After the USMLE Step I is complete, the students are introduced to their clinical experiences through Transition to Clerkships, a five-week block which incorporates a series of teaching sessions and simulation activities that will prepare students for the clinical setting and the academic rigor of the clerkship experience. Large and small group sessions are designed to cover a number of important topics including:
- Lab Medicine.
- Radiology Overview.
- Patient Safety and Quality Care.
- Resuscitation and ACLS.
- Communication Skills.
- Cultural Competency.
- Ethics and Professionalism.
- Giving and Receiving Feedback.
- Mobile Decision Support Tools and Biomedical Informatics.
- Recognizing Fatigue.
- Clinical Boot Camp.
- Integrative Medicine.
The Transitions to Clerkship Block incorporates a series of teaching sessions and simulation activities that helps you synthesize everything you have learned in the first two years of medical school and prepares you to excel in your clinical rotations. Experts in their fields, our faculty have prepared interactive presentations that will equip you with the fundamental tools needed to launch you into the clinical setting with competence and confidence! The tools you learn in this block will empower you to succeed in your clinical rotations and throughout your entire medical career.
Educational Program Objectives are a subset of more broadly defined physician competencies, which represent general domains of performance for which the profession and the public hold physicians accountable.
Upon completing the Transitions to Clerkship Block, students should be able to:
- Build on prior knowledge and develop new strategies to enable them to excel in the clinical setting. They will apply these strategies to develop an understanding of their role and responsibilities in the clinical clerkship environment.
- Determine the importance of professionalism and learn how to model this behavior in the clinical setting. Develop strategies for dealing with conflict in the professional setting.
- BMI Objectives:
- Define decision analysis and sensitivity analysis and describe how these techniques can be utilized in analyzing clinical decisions.
- Describe clinical decisions and review the advantages and disadvantages of each.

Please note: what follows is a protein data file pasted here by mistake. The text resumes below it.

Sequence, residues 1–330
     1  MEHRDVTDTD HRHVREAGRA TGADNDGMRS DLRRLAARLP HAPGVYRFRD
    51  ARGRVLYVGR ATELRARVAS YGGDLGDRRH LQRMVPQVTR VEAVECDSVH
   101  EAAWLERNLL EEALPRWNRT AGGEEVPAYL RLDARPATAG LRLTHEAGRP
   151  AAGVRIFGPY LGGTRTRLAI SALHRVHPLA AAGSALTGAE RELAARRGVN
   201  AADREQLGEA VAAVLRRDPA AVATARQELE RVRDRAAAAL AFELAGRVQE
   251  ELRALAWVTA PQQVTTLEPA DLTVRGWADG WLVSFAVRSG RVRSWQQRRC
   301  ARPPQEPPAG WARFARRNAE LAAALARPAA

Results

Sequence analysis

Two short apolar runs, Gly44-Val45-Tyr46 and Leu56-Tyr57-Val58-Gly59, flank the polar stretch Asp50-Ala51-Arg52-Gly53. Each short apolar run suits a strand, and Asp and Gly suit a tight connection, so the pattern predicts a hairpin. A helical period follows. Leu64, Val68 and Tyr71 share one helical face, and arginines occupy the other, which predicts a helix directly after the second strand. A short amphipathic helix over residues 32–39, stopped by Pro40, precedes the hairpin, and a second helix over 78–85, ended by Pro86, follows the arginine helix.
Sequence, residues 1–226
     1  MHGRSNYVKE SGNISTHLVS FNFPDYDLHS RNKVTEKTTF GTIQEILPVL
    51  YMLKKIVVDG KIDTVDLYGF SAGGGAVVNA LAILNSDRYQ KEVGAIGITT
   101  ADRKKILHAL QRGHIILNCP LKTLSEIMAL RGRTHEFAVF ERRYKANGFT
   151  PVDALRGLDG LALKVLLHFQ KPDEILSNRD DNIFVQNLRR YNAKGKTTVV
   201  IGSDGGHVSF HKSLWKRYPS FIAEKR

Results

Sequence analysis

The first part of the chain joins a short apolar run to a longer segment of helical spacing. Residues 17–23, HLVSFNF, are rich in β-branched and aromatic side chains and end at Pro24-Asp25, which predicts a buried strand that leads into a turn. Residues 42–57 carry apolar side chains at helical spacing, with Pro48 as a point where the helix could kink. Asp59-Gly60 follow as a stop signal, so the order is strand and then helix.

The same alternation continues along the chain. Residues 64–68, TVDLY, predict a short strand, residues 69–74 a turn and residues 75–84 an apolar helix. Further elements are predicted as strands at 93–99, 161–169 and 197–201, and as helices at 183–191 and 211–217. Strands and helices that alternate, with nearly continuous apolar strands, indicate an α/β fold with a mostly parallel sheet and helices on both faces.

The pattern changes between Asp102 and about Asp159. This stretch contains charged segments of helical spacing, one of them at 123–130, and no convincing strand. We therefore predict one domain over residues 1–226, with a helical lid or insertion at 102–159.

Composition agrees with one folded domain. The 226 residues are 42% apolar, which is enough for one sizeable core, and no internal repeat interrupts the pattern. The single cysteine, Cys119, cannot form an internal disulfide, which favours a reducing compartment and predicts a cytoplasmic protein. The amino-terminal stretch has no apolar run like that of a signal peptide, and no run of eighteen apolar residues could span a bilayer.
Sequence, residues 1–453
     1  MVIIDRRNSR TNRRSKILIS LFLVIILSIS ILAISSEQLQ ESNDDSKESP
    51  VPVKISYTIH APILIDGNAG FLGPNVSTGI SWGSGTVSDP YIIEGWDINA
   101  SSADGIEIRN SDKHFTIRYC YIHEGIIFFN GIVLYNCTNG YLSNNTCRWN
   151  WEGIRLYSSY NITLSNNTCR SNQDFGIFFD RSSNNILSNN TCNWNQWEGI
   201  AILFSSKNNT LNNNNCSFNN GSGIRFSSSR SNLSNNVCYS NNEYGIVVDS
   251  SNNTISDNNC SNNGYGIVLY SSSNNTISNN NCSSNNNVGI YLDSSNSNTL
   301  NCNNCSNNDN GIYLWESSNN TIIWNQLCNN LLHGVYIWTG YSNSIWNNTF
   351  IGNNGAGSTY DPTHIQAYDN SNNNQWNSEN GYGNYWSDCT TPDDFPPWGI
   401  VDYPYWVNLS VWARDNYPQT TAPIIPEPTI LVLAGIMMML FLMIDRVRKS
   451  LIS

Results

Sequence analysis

- Describe the medical decision making process for each patient.
- Discuss how patient preference affects clinical medical decision making.
- Describe the factors that affect the ability to summarize and add knowledge and experience into Heuristics, Algorithms and Guidelines.
- Define the role of laboratory and transfusion medicine in addition to pathology in the clinical setting and discuss their use in the clinical setting.
- Apply previously learned history taking and physical exam skills in order to evaluate, present using medical vernacular, and develop differential diagnoses and plans for patients who will present to different specialties (surgery, OB/GYN, pediatrics, psychiatry, etc.) and venues (clinic, hospital inpatient ward, outpatient surgical facility, emergency room, urgent care, etc.) during the clerkship years.
- Apply previously learned oral and written communication skills to the clinical setting and formulate new tactics to effectively and efficiently communicate with health care professionals.
- Synthesize the plan of care for patients using available resources during case presentations utilizing critical thinking skills acquired in the preclinical years. Use evidence-based medicine tools to answer specific questions regarding patient care and deliver concise, well thought out answers utilizing evidence-based medicine support for conclusions.
- Discuss risks and benefits of radiologic studies and review safety mechanisms in place to protect patients when radiation exposure is necessary. Determine the appropriate radiographic study for patients based on presentation, understanding the risks inherent to many radiologic studies. Develop a standardized approach to reading basic radiographic studies.
- Explain how to perform basic procedures in the clinical setting. Utilize clinical assessment skills and resuscitation principles to effectively care for and treat simulated patients.
- Understand the legal obligations of consent to treat discussions with patients and describe what this discussion, both oral and written, should include. Explain how to minimize risk as it pertains to medical malpractice in the clinical setting. Understand the importance of complying with laws in order to protect patients and health care workers in medicine and be able to explain the student’s role in assuring best practices in the clinical setting.
- Discuss their new role as clerk and define daily duties that will be expected of them in the clinical years. Explain the upcoming clinical years as far as expectations, work hours and assessment (behavioral competencies and Shelf exams) during clerkship rotations and describe their anticipated approach to maintain a healthy lifestyle during this rigorous schedule.
- Synthesize culturally relevant information and develop a course of action based on ethically sound judgment while being aware of their own personal and moral biases.